Any Chinese military base in the Atlantic Ocean is unnecessary and any such hypothesis would be viewed with “strong concern”, Portugal’s minister of defence, João Gomes Cravinho, has said, adding that it was “not a good idea” to transform this region into a scenario of “geopolitical conflict”.
The minister made the remarks while taking part in a seminar organised as part of Portugal’s presidency of the Council of the European Union, in partnership with the Germany Marshall Fund, on ‘Challenges in global security and the future of transatlantic relations’.
Asked about a possible Chinese military presence in the Atlantic, Gomes Cravinho said he saw “no need” for any Chinese military base in this ocean, adding, however, that he had received no indication that it might happen.
“The challenges of the Atlantic Ocean do not require a non-Atlantic country to establish a base in the region, he said.
“Frankly, this would be viewed with strong concern. We do not think it is necessary and we would work very closely with our partners, with respect for their sovereignty and sovereign decisions, to explain that it is not a good idea to make the Atlantic a scenario for geopolitical conflict.”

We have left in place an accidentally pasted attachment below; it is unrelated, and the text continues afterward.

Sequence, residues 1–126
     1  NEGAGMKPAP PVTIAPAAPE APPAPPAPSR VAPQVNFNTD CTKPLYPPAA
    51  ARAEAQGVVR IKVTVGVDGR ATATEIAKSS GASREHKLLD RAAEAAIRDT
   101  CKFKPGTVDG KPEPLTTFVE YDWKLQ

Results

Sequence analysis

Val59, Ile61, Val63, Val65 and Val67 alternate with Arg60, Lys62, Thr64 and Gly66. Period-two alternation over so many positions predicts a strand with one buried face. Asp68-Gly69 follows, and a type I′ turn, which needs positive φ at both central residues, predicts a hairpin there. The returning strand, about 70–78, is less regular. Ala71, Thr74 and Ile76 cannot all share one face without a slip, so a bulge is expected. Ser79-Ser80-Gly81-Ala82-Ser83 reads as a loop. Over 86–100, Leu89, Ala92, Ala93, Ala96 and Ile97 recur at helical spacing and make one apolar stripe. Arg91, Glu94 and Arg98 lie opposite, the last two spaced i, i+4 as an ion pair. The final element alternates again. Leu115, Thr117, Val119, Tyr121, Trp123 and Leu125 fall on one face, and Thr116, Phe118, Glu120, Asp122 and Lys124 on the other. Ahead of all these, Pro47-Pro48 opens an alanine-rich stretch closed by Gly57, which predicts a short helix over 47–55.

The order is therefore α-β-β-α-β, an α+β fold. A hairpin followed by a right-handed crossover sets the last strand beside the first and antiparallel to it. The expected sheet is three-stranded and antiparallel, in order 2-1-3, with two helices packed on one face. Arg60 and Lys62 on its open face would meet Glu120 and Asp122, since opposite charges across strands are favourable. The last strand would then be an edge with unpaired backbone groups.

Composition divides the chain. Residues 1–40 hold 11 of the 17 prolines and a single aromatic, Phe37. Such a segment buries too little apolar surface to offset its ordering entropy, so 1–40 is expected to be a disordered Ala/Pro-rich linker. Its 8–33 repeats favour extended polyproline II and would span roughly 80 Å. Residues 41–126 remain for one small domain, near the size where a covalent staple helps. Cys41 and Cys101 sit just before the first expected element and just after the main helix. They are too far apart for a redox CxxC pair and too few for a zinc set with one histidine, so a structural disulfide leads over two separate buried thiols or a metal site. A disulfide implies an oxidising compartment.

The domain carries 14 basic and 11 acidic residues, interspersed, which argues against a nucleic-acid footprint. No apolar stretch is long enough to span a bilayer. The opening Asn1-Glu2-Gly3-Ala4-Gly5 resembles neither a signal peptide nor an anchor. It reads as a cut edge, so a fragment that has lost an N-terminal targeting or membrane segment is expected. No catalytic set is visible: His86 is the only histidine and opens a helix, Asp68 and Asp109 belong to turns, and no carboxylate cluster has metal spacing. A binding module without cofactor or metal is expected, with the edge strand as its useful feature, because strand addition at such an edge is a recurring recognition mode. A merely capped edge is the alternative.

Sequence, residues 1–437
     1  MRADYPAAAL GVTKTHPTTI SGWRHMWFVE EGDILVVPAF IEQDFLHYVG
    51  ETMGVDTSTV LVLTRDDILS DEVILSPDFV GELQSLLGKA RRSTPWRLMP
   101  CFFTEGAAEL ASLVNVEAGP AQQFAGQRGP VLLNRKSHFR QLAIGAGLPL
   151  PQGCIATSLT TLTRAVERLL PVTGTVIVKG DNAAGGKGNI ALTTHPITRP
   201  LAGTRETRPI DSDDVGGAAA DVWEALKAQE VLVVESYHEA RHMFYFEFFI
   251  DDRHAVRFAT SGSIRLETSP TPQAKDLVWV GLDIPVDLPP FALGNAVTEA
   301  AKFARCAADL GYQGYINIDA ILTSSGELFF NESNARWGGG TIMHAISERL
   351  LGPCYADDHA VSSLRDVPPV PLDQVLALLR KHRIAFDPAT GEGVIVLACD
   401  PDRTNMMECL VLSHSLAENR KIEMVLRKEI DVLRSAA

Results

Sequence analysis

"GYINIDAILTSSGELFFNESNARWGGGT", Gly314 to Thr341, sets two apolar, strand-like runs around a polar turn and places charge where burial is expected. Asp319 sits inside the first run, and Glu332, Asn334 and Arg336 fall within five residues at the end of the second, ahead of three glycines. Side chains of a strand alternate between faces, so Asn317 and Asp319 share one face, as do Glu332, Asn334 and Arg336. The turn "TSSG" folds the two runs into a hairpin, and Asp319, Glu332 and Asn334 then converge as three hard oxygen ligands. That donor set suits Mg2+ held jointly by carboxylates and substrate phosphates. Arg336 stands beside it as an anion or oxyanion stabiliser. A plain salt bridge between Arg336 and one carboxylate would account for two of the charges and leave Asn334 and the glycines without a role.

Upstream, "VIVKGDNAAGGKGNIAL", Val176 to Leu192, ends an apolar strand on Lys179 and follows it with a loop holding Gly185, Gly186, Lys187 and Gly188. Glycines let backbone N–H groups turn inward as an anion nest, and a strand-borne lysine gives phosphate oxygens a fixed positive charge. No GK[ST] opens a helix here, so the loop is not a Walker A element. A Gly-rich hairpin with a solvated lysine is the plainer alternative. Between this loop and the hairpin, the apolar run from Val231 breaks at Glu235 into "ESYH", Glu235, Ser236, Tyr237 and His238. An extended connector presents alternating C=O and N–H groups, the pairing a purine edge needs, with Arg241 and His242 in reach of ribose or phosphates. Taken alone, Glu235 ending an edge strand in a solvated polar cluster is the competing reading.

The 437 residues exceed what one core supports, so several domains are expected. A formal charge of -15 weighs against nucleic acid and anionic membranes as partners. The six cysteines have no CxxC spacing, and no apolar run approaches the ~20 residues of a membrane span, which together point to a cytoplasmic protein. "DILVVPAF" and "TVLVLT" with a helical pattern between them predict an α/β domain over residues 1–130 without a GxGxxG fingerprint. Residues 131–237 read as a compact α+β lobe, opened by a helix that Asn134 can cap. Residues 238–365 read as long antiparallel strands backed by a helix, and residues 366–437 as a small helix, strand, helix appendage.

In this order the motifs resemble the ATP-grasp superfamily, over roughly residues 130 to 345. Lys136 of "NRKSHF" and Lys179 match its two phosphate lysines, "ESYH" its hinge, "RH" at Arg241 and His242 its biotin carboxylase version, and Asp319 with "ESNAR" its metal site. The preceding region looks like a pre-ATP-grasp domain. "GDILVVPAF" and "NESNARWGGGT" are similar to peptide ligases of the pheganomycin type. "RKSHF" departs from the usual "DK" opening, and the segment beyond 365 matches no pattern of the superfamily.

Gomes Cravinho also said it was important to “demystify the idea” that the aim of strategic autonomy for the EU was to “dissociate the United States and Europe”.
Instead, he said, the view of many in the EU was that “strategic autonomy [is] the recognition that the European Union needs to have the capacity to act alone when it is alone, to act alone when it does not have the possibility to act in partnership with NATO [North Atlantic Treaty Organization], with the United States, with other partners.”
“Any hypothetical attempt to use the concept of strategic autonomy to dissociate itself from NATO would be self-destructive” and “would not have the support of the member states of the European Union”, he added.
[Edited by Zoran Radosavljevic]